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Work Email Onslaught: Staff Have Nowhere to Hide, US Study Find
Posted: Wed Jun 24, 2015 02:18:17 PM


Third annual independent study by GFI Software reveals that work-related email is disrupting everything from holidays to funerals as employees struggle to cope with volume and culture of 'always-on' working

GFI Software today announced the findings of its third annual independent study into email user habits, which revealed that work email is encroaching into the personal lives and free time of employees more than ever. Of those surveyed, some 58 percent admit to checking work email at least once a day in their personal time, up six percent, while 39 percent admit checking multiple times a day or in real-time through pre-work mornings, evenings, weekends and days off. Furthermore, 39 percent regularly check their work email after 11pm.

Following on from the findings of GFI's inaugural 2013 study and the company's 2014 follow-up research, this year's survey examined how employees interact with email and the main obstacles to effective workplace email use. The biggest hindrance to their everyday email use, according to 37 percent of those surveyed: spam. In second place, 27 percent of those surveyed pointed to the habit some email senders have of unnecessarily CCing vast numbers of people, which creates high-volume 'Reply All' loops of unhelpful and difficult-to-navigate email traffic.

The blind, independent study was conducted for GFI Software by Opinion Matters, surveying 500 US workers from companies with up to 500 employees.

Key findings from the survey include:

Monitoring of work email outside of work hours is inescapable, with 74 percent of those surveyed regularly checking their work email at weekends

A further 54 percent admit to checking work email while on vacation

One quarter (25 percent) feel compelled to reply to work emails within 15 minutes of receipt of an email

In total, 67 percent of respondents reply to work emails in under one hour, while over six percent take more than a week to reply

Down five percent from 2014, the survey found that 25 percent of workers surveyed use their work email account for personal activities. The drop suggests increased concern over company monitoring of workplace email and Internet use

Over 36 percent of work email users surveyed do nothing to organize their email, including archiving, leaving all incoming mail in their Inbox

Just under 13 percent have had an argument at home due to them checking work email during family time.

While most of those replying to email are motivated to do so quickly, those receiving email do not expect such a fast response. Only 11 percent of those surveyed expect a reply inside 15 minutes, while only 53 percent expect a reply in one hour or less, far lower than those actually responding in that time.

"Setting and maintaining realistic boundaries between work and personal life is important to health, happiness and productivity. This balance is becoming harder than ever to accomplish due to the growth of tablets, smartphones, and now even smart watches and in-car communications - all of which keep people wired into work even after they go home of an evening," said Sergio Galindo, general manager of GFI Software.

"Companies can and should do more to address this and help staff achieve a sustainable work-life balance. Companies need to put tougher measures in place to tackle spam and malware, and to make archiving easier for people. They also need to set clear policies on acceptable use of work email, as well as regarding when to switch off. Employees need to know it is OK to let everyday work email that arrived after hours wait until the morning and that it is important to prioritize family time and relaxation," Galindo added.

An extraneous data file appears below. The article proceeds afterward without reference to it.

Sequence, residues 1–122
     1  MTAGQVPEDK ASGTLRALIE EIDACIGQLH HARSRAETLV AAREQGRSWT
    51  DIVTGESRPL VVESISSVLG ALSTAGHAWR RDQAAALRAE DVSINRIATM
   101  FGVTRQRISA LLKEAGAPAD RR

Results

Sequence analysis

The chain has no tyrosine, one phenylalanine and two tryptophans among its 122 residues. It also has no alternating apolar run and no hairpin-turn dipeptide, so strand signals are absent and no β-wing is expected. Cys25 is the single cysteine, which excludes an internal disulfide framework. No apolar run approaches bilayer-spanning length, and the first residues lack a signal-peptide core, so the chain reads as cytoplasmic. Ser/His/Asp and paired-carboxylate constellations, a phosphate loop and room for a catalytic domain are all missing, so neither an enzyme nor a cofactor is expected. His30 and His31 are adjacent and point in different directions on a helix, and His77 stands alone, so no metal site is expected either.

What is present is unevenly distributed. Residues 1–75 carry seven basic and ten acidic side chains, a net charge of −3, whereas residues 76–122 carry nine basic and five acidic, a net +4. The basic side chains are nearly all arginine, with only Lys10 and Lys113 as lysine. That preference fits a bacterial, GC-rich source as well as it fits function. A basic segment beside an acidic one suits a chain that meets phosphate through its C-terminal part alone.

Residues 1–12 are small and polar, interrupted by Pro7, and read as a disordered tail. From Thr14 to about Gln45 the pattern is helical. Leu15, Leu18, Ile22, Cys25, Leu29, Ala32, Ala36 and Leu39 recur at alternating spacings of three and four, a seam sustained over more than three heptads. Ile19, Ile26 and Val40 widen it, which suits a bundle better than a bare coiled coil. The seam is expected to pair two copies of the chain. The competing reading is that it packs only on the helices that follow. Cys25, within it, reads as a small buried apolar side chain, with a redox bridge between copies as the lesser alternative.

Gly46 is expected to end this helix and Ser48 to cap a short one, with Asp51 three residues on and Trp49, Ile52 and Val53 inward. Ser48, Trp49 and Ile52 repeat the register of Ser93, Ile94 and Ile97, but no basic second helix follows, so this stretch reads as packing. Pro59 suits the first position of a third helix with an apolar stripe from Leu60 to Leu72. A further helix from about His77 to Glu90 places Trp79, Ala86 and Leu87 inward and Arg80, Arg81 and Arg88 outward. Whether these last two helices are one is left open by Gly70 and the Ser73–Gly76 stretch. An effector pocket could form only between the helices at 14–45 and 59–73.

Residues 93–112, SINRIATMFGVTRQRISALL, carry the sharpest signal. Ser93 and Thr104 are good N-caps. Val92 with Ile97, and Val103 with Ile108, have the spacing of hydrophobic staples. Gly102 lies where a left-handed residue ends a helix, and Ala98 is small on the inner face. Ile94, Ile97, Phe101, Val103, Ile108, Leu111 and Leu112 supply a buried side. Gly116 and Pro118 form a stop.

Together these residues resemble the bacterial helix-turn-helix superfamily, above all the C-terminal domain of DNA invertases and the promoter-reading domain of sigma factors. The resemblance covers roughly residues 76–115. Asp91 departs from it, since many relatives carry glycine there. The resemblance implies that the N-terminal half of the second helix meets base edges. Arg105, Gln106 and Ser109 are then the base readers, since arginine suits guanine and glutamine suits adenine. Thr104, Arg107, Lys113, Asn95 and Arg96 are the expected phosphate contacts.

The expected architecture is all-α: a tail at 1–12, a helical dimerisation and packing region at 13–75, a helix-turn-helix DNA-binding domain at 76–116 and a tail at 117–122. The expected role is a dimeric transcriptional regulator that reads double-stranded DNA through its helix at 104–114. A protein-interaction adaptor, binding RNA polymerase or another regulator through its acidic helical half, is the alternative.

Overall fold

Social occasions are not safe from email erosion

The survey revealed a substantial level of work leaking into personal and family occasions. For example:

Nearly eight percent have gone through work email while attending an event at their child's school

More than six percent have checked email during a wedding

Four percent have actively checked email while either they or their partner was in labor

...and three percent have checked email during a funeral

Email still the dominant communications method

For the third year running, survey respondents were asked to rank four business communications methods in order of preference. Email remains the most popular communications method, preferred by 39 percent of those surveyed, although this is down eight percent on last year and down four percent on 2013.

Face-to-face meetings come second at 29 percent, up seven percent on 2014 and 2013. Meanwhile, the telephone (both fixed line and mobile) is still the third most popular form of business communications, holding steady at 24 percent for the second year running, but down four percent on 2013. Instant messaging is still an unpopular fourth, preferred by just under eight percent of the survey group.

"Despite the seeming challenges and inconveniences of work email, people continue to view it positively, with 84 percent of those surveyed rating email a blessing rather than a curse. It is proof that email continues to be a technology people find convenient and effective both at work and at home," Galindo added.

Comparisons with the UK

The research was also conducted among the same survey sample in the UK, with broadly similar results. Differences of note did include a lower proportion of users preferring instant messaging (four percent), a lower proportion of email checking during funerals and during child birth (both one percent), while more British workers (18 percent) have argued at home over checking work email out of hours.

A copy of the full survey results and an infographic can be found at:

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